Prologue

It was the easiest decision I ever made. Easier than choosing a nail polish color. Like rolling off a log. A simple cry of “Uncle” and it’s done. Pour the vodka, open the amber bottle, and fill the left hand with the thirty little white pills. Open the mouth, shove them all in, and send them on their way down the gullet with the potent liquid. No thoughts. No worries. Feeling absolutely nothing.

Done, done, and done.

Although I took antidepressants religiously and repeatedly questioned my doctors as to their declining effect, psychotropic medications have taken me down an untenable path of confusion and failure—one that has driven me to examine where I went on February 25, 2009. That’s the date I downed an entire bottle of Xanax, not without the help of excessive pours of wine and vodka, and all with the hope of ending what appeared to be a perfect life… more>>

3,000 Pulses Later

A Memoir of Surviving Depression Without Medication

From the U.S. Centers for Disease Control and NIMH:

  • In 2010, over 1 million adults attempted suicide; 38,364 succeeded-an average of 105 each day.
  • 90% of suicides are directly related to depression and other mental disorders.
  • 20.9 million people suffer from Major Depressive Disorder in the U.S. today.
  • 7.4 million of those people do not take antidepressants either because they are ineffective or the side effects are intolerable.

3,000 Pulses Later describes how Martha Rhodes, a successful advertising executive, wife, and mother who in her late fifties, and despite a seemingly ideal life, succumbed to depression and overdosed on Xanax and alcohol in an unsuccessful suicide attempt. The memoir describes her challenges with untreated, drug-resistant depression and her struggle to find an alternative to the drugs that failed to relieve her symptoms.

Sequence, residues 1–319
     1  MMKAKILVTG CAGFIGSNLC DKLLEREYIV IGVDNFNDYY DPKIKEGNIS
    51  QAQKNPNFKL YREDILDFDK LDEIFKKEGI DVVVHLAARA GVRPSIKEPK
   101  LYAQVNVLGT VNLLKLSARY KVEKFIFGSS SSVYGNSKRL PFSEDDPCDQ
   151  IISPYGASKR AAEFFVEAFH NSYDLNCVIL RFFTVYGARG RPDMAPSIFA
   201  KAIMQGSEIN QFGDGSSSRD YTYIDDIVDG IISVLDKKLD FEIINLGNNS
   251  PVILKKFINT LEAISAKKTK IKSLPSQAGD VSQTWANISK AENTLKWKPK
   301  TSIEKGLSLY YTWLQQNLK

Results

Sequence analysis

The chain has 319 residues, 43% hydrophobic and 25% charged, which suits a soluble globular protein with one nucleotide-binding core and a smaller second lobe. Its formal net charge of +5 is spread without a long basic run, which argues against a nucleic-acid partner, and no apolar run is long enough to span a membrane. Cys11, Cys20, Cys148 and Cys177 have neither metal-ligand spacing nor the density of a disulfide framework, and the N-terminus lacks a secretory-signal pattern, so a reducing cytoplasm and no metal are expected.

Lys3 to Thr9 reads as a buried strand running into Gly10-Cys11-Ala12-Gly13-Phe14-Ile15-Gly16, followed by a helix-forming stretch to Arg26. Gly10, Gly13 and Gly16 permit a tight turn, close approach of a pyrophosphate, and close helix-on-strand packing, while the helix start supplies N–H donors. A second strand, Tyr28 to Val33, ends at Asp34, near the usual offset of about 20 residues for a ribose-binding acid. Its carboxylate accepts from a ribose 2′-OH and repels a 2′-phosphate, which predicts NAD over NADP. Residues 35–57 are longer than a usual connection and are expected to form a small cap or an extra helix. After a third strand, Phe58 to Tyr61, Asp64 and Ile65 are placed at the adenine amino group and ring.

After a grueling stay in a psychiatric ward and many months of trialand- error medications, Rhodes pursued TMS, Transcranial Magnetic Stimulation-the newest, safest, and proven-effective alternative to ineffective drugs and electroconvulsive therapy (ECT).

3,000 Pulses Later shares how the road back to health with TMS returned her to an even better place than where she started. She now manages her depression with TMS therapy and without the side effects attributable to antidepressant medications.

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The events described in this memoir are true. Some names have been replaced by pseudonyms in order to protect privacy, particularly those of medical personnel. This book is intended to reflect the life experiences of the author and in no way should it be considered to be medical advice, recommendations for treatment, or a replacement for medical care given by physicians or trained medical personnel. The author refers to and thereby endorses NeuroStar TMS Therapy® in this book because it was the only FDA-cleared transcranial magnetic therapy device available at the time of treatment and is an integral part of her story. This is by no means a promotional or advertising vehicle for NeuroStar TMS Therapy® nor does the author have any financial ties to Neuronetics, Inc.